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Health Watch Heart Attacks, Heart Disease In Women
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The word, “Heart” is an Old English word meaning “the central, vital or main part, or the core.” Women often regard their hearts as the seat of their emotions and the location of their innermost thoughts and feelings. The heart is often considered to be the center of love, sympathy, and grief or sorrow.

Heart attack (or myocardial infarction) symptoms are often very different for women than men. Scientists are not sure why this happens, but it is important to know the differences because early treatment of a heart attack can save a woman’s life. Women’s symptoms of heart attack can be much more subtle and easily overlooked or attributed to “usual” aches and pains. Symptoms of heart attack in both men and women include:

Squeezing, heavy chest pain that may be associated with exercise, cold weather, a large meal, or stress

Pain in the left shoulder, arm or jaw

Shortness of breath

Sweating, clammy skin



Feeling of panic or impending doom

Denial that there is anything wrong

Some women mistakenly think that the only symptom of heart attack is crushing chest pain. In fact, sometimes a woman has no chest pain at all. Women have been found to have the following symptoms at a higher rate than men:

Shortness of breath – 58 percent of women reported this as their only symptom when having a heart attack

Weakness or unusual, often extreme fatigue – 50 percent of women reported this symptom, sometimes in combination with shortness of breath

Indigestion or upper abdominal pain – 43 percent of women experiencing a heart attack have “heart burn” that may be thought to be related to gall bladder disease or certain foods



Lower chest pain

Back pain

If you think you might be having a heart attack, call 911 without delay. It is also wise to talk to your doctor before such an event might occur to find out if it is recommended that you take an aspirin tablet if you experience symptoms of a heart attack.

The American Heart Association recently revealed some surprising advice for women to help them prevent heart disease. There is continued support for a healthy life style that includes this 7-step approach:

Don’t smoke

Maintain a healthy weight

Devote 150 minutes to moderate exercise each week

Eat a healthy diet

Manage your blood pressure

Keep your blood pressure in check

Manage your blood glucose (sugar) levels

These seven steps also have the added advantage of decreasing chances of dementia as women age.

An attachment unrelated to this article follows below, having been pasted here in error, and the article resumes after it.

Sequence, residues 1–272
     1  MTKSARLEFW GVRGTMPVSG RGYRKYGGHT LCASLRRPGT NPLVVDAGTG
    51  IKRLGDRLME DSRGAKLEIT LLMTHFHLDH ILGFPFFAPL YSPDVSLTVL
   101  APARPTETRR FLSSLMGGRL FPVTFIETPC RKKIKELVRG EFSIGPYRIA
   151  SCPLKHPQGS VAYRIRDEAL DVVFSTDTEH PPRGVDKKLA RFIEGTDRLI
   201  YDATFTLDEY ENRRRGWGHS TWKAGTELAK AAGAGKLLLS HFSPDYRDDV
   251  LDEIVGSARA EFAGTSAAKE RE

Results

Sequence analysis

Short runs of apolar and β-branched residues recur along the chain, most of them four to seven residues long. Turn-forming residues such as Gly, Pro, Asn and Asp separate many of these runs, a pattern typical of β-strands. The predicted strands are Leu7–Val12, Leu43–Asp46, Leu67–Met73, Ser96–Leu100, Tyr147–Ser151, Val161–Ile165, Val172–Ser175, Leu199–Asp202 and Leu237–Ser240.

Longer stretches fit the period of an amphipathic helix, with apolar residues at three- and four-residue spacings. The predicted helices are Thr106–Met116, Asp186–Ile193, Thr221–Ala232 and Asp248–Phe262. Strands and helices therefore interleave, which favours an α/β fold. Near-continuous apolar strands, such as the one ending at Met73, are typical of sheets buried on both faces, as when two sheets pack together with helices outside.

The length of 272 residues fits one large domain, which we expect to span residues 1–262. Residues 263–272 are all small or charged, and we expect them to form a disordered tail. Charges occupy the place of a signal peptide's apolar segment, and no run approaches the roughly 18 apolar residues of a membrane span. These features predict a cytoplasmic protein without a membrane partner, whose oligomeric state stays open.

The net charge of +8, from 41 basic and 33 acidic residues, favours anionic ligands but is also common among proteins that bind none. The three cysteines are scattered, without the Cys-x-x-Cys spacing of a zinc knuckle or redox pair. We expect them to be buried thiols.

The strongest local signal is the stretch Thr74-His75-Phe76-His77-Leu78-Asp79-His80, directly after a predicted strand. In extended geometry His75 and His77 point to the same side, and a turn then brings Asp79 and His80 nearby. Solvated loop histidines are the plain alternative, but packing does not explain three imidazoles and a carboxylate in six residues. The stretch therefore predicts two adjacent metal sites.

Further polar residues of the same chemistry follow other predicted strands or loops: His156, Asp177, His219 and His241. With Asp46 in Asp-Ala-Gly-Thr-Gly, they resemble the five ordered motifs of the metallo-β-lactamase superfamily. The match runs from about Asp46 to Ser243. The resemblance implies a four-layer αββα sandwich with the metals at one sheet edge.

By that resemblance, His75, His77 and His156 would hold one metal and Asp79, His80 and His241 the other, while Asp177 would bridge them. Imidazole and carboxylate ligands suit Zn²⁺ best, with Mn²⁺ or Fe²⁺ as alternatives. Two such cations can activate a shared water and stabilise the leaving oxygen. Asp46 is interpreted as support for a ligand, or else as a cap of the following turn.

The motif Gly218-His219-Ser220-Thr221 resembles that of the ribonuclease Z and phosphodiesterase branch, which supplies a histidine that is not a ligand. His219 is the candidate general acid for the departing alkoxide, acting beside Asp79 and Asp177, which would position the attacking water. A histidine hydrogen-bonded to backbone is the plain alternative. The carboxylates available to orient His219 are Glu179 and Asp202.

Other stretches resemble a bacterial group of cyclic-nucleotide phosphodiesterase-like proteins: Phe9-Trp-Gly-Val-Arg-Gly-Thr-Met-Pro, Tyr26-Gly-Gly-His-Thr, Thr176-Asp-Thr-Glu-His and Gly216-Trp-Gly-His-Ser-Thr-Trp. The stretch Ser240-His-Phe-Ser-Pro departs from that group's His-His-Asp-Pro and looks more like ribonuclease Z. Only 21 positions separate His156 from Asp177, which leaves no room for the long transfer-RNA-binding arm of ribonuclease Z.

The American Heart Association also found a direct correlation of heart disease to stress. Women who work in high-pressure jobs but do not have the ability to make decisions about their work or experience other conflict at work have a 40 percent higher risk of a heart attack. New York University found that experiencing the death of a loved one increases the risk of heart attacks in women during the first six months after the loss occurs. Women who begin to exhibit symptoms of stress or deep grief from life-events may need to seek help in managing their stress from a professional in order to mend their “broken heart.” Start by talking to your doctor.

Johns Hopkins University has found a link between Vitamin D deficiency and heart disease. Harvard researchers found that light to moderate consumption of alcoholic beverages is associated with reduced risk of heart disease.

Does this mean you should start taking vitamin or herbal supplements or having a drink or two a day? Not without talking to your doctor first. Women taking supplements who do not report these medications to their doctors may inadvertently face side effects from the medications the physician prescribes. Alcohol can interfere with many medications and may be contraindicated for some women. Always discuss these details with your physician.

Many women have spent their lives caring about the health of others and sharing their hearts with their families, friends, and even strangers. Start now to keep your heart strong and healthy. Remember that it is never too early or too late to change your life style.


Susan Spoelma, MBA, MSN, RN, NEA-BC, is the Chief Nursing Officer for Oak Valley Hospital. Look for the Health Watch column each month in The Oakdale Leader and periodically in The Riverbank News and The Escalon Times.